Narrative of the Life of Frederick Douglass, Rhetorical Analysis By Migion Booth Social reformer, Frederick Douglass was an African American man who decamped from slavery. He has drafted several books including Narrative of the Life of Frederick Douglass. In his Narrative of the Life of Frederick Douglass, Mr. Douglass writes about his perspicacity as a slave. Mr. Douglass repeatedly uses paradox, imagery, and parallelism to display how slavery was inhuman and heartbroken. Douglass begins uses paradox to show how slavery was inhuman by acknowledging how slave overseers treated the slaves when did wrong or doing what was not told by them.
When a child, my soul was often pierced with a sense of its horrors”. This reminder of Douglass’ slave pastone of the many way that Douglass tries to humanize the issue slavery. The personal connection allows the audience to see slaves as the humans rather than the property they shown as. In addition to trying to humanize slaves,Douglass also brings to light the way they are treated by their masters. He states, “There are seventy-two crimes in the State of Virginia, which, if committed by a black man, (no matter how ignorant he be), subject him to the punishment of death,” showcasing not only the difficulty of a slave’s life, but how their lives hang constantly in jeopardy.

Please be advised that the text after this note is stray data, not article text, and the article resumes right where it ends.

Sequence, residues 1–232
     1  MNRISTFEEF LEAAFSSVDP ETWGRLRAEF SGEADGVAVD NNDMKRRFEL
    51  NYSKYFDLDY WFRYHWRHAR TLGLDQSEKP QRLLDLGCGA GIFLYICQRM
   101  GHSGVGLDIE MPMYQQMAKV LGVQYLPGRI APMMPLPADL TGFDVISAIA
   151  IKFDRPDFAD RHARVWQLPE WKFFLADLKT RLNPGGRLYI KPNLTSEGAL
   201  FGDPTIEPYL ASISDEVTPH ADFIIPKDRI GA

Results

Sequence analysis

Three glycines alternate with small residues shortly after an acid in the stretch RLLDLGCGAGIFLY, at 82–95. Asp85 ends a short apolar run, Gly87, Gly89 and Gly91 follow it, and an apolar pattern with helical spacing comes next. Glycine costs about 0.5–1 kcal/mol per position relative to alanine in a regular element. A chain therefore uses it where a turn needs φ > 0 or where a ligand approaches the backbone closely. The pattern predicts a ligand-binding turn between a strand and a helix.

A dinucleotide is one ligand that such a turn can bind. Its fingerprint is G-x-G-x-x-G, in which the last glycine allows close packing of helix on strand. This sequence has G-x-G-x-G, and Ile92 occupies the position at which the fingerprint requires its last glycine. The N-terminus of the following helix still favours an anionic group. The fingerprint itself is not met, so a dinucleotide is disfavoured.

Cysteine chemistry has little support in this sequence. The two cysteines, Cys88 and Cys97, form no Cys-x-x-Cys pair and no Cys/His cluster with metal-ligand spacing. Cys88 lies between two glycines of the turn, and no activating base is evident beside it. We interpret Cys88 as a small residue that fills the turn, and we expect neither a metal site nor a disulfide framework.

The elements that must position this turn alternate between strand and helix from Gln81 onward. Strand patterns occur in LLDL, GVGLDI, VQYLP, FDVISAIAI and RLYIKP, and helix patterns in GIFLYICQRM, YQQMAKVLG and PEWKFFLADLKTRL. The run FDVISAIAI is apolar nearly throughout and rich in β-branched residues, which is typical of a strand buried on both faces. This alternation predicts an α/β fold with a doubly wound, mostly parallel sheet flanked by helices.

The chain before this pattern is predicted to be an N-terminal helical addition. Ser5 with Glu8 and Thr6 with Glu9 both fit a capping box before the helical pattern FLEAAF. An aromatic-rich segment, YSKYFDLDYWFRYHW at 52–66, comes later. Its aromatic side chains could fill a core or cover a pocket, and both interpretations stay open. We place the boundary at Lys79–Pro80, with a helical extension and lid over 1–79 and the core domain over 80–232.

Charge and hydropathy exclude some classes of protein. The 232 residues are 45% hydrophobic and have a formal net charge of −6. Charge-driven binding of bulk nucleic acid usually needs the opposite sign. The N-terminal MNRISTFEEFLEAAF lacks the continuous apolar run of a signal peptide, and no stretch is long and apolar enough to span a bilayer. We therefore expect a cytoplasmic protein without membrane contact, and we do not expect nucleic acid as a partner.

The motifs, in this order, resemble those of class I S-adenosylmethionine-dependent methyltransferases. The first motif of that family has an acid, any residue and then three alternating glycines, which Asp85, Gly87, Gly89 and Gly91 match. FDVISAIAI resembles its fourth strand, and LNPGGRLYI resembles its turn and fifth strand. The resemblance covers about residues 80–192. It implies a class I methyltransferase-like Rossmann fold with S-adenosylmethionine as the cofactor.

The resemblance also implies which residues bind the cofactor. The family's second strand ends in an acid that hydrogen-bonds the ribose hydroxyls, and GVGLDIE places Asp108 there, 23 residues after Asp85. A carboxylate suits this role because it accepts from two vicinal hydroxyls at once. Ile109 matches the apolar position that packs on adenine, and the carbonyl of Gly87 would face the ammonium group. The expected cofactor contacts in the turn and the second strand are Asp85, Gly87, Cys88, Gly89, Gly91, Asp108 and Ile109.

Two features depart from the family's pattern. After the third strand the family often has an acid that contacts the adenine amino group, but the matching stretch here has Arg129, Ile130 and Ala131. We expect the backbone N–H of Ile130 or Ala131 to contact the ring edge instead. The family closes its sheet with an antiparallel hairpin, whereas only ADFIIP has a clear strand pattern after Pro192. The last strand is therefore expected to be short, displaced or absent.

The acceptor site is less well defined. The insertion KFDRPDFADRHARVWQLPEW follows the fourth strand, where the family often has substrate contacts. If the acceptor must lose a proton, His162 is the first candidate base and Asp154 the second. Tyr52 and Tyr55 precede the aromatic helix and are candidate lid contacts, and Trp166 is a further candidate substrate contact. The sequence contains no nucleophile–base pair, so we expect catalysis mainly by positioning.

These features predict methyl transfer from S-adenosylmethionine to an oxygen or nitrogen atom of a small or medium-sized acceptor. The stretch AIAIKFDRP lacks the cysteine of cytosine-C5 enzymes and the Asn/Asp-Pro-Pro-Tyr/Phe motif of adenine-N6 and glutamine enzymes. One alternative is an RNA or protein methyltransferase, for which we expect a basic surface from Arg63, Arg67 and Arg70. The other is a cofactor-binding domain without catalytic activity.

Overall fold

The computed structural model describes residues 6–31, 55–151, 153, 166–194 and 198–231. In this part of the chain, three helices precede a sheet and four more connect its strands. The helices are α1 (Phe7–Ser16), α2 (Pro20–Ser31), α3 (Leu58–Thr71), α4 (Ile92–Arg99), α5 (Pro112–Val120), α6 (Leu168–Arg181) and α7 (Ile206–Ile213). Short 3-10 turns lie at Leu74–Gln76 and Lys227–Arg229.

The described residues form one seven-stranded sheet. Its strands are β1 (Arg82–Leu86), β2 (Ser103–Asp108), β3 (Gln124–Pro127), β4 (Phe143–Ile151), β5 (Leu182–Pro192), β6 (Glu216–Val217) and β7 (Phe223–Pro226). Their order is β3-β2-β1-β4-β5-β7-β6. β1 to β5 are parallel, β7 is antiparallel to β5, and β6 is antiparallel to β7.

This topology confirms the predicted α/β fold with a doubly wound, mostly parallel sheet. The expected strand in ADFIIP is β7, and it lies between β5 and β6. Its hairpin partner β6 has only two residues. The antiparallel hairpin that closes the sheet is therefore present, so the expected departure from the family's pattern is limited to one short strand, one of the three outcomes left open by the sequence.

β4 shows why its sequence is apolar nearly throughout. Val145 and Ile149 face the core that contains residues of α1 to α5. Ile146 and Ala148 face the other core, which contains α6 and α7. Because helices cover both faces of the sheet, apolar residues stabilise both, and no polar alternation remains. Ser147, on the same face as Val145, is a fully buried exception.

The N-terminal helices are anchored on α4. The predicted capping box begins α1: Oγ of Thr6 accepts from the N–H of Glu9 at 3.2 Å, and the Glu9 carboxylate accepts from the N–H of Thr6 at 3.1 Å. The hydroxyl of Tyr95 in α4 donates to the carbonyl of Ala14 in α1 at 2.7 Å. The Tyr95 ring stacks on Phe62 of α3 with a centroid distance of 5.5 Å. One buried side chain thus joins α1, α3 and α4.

When he was twelve, Douglass read “The Columbian Orator” and learned about emancipation (1199). 4. How is the white man a victim of slavery, according to Douglass? Slavery, particularly owning slaves, had a negative effect on a person (Douglass 1198). As an example, Douglass describes the differences he witnessed in his mistress, Mrs. Auld (1198).
After escaping slavery and seeking freedom in the North, former slaves would often write their testimonies of the cruel life on the southern plantations. One of the best and most recognizable examples of this genre is “Narrative of the Life of Frederick Douglass, an American Slave” whose author, Frederick Douglas, became an important figure not only in literature but also in history of fighting for civil rights. He was born into slavery and raised by the grandparents because his mother was assigned to work in a field far away and was not allowed to stay with her son. Life at the plantation was full of abuse and cruelty, which he could witness from a young age by seeing his aunt being whipped. He described slaves’ fear of their masters that often took pleasure in punishing and whipping their property; the hardships of fieldwork where blacks would work all day with only few breaks for meals or how the owners were impregnating black women in order for them to produce more, free laborers.